My pets have taught me about kindness. Kindness and its cousin, love.
In graduate studies for psychology, I learned from Professor Michahelles that showing a child that you understand he loves you is as necessary as showing the child he’s loved by you.
I think this is because children, like animals, inherently expect affection to be a colloquy.
They unlearn this expectation through living. That’s not a bad thing. Experience includes suffering and joy. (Sit with each of the words in your upturned palms and feel how they balance the scale of life.)
Loving is an action; it sets forth a purpose. It gives meaning. Children, and animals, so skillful at engaging with the now, thrive on being received. They need to know we know they love us.
How do we do this? With children, accepting what they have to offer is key. As a school teacher, I was handed dented playing cards, ribbon bits, smudged poems, and other tokens and, wonderfully, hugs and smiles.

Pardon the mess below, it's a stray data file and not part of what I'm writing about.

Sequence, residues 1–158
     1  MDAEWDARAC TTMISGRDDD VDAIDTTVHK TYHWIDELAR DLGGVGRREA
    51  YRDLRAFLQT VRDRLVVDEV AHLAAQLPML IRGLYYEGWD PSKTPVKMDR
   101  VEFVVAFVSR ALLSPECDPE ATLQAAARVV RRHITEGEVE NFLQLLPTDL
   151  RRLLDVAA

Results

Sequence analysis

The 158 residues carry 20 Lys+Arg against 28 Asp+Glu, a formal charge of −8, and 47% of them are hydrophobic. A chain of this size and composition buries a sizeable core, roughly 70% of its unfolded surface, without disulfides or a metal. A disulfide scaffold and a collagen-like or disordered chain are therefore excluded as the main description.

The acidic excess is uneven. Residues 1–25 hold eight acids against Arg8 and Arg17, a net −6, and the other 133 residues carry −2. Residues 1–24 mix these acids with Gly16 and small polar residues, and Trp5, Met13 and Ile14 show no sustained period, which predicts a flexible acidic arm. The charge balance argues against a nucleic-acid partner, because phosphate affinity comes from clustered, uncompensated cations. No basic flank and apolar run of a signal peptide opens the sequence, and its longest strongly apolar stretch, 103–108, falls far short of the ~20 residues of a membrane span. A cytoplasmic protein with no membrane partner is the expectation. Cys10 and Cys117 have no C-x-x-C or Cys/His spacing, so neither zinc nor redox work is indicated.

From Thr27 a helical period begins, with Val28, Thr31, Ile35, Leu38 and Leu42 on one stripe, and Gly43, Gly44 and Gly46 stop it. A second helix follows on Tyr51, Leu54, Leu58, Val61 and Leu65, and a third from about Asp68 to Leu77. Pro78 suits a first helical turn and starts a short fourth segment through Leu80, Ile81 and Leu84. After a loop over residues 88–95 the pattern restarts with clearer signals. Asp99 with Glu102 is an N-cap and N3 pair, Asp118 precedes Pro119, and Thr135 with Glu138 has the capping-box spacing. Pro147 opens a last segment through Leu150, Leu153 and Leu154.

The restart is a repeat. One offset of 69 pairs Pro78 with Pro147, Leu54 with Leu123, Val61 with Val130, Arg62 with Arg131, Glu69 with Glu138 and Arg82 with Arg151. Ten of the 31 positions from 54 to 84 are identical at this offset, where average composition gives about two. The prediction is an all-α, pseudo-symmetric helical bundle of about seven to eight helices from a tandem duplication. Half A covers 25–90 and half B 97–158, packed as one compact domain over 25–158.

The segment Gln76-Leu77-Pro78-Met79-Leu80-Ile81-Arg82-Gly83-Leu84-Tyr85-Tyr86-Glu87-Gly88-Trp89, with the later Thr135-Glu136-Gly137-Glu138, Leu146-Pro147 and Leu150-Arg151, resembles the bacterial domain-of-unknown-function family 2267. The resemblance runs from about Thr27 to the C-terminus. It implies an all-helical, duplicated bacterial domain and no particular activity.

The moment something is offered provides a potential for connection.
The mind thinks, “I’m busy. I don’t really want a pencil stub.” The wiser heart, however, pipes up, “How courageous is this child to extend her hand.” Then, aloud, “Thank you.” In a flash it happens. As adults we must be ready to glimpse it, to, as Georgia O’Keeffe urges, see.
We receive the love of animals by honoring their needs for safety, food, play, learning and comfort. By providing for them we acknowledge their single-pointed focus on us, how they wait for us, watch our faces and gestures for cues, acquaint themselves with our language, and make us feel necessary. As Vint Varga writes, animals provide an opportunity to connect with the less intellectualized side of ourselves. That side matters, too.
Isn’t love in this small-big world ultimately about paying attention?
My Little Bird this week published my article on how to pay attention to pets, particularly apartment pets. I dedicate it to my roommate, Tucker, the terrier mix, trained in love by our dog friend, Molly, and to Sasha, the first doggie.